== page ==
There have been more than 50,000 drug-related murders during Calderon's administration.

The government has trumpeted the capture or killing of many of the drug kingpins on its most wanted list during Calderon's term, but some experts say taking out cartel leaders has only fanned infighting and inflamed violence.

CORRUPT GOVERNORS

The view from Vazquez Mota's Veracruz hotel room in an upscale shopping mall overlooked the intersection where last September drug cartels dumped more than two dozen bodies in morning traffic, causing panic in the port city.

The federal government sent in marines after the attacks, and pickup trucks full of masked soldiers with automatic weapons now patrol the city, inspecting suspicious vehicles.

People have returned to the plazas and seaside boardwalk and streets are bustling again with vendors and musicians at night.

But just two weeks ago, three local journalists were killed in a haunting reminder that violence has not disappeared from the state.

Vazquez Mota proposes the creation of a militarized national police with at least 150,000 officers, tougher controls on money laundering and stiffer penalties for corrupt officials.

Congress blocked similar efforts by Calderon to form a national police force to replace hundreds of poorly equipped municipal and state officers often vulnerable to graft.

Instead the federal government mandated all local police forces go through background checks and fold their ranks into a single command structure headed by the states. Many local governments have not yet complied.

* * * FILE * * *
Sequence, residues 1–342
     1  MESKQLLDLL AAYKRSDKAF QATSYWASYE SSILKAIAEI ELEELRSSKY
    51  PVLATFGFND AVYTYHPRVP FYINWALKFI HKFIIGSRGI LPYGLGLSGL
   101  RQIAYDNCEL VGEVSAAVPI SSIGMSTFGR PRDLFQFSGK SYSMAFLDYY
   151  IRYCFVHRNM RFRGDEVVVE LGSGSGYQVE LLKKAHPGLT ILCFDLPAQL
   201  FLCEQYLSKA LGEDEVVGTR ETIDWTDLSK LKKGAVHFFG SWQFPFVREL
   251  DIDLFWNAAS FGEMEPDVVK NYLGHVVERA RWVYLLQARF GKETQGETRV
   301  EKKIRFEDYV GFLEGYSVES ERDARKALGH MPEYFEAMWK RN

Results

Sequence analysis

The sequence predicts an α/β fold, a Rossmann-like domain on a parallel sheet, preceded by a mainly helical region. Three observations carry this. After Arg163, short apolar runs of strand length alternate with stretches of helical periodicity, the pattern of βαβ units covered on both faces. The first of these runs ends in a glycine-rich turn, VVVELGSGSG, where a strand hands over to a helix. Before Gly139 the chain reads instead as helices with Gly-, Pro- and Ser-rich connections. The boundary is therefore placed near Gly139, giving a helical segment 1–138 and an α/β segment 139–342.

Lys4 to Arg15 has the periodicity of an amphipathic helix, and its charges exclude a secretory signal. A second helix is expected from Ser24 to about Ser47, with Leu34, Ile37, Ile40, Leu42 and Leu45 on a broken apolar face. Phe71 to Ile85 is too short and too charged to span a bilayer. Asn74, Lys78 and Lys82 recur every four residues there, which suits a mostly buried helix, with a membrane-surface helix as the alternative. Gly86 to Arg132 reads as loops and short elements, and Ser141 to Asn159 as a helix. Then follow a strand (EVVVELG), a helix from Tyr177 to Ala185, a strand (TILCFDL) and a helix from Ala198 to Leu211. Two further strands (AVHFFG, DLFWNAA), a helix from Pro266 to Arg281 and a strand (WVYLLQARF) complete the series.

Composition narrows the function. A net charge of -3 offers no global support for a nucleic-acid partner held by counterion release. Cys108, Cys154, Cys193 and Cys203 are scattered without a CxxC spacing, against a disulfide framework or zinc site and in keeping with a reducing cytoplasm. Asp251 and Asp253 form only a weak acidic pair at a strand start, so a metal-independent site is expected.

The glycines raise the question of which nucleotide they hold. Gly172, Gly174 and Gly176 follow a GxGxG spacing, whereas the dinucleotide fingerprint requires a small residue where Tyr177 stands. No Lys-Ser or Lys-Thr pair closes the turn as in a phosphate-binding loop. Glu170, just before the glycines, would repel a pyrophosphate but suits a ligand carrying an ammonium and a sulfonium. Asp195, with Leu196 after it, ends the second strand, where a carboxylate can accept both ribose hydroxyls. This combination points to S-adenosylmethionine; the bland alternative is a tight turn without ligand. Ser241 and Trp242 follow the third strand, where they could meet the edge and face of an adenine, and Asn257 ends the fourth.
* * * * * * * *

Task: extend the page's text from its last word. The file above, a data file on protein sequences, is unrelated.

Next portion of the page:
Vazquez Mota swiped at Veracruz's PRI governor, Javier Duarte, without directly mentioning his name, at a rally packed with women supporters in a downtown cultural center on Sunday.

"The local governors have lied to the families of Veracruz because here they didn't certify the police, here they opened the door to organized crime," she said. Her promise to keep the marines on the streets until local police can control crime prompted a standing ovation from the well-dressed crowd.

Vazquez Mota also pointed to examples of former party governors accused of corruption or who had made statements in the past about cutting deals with cartels.

The former treasurer in the northern state of Coahuila is wanted in the United States for money laundering, raising questions about the administration of ex-governor Humberto Moreira, who later served as PRI chairman, she said.

The PRI, which ruled Mexico for more than 70, lost the presidency to the PAN in 2000.

Pena Nieto, a former governor of the State of Mexico, is not proposing a radical departure from Calderon's anti-drug strategy and also wants a new military police force.

Only Lopez Obrador, who narrowly lost to Calderon in 2006, has proposed a timetable to pull the army off the streets.

(Editing by Dave Graham and Christopher Wilson)

FILED UNDER:
Comments (0)
This discussion is now closed. We welcome comments on our articles for a limited period after their publication.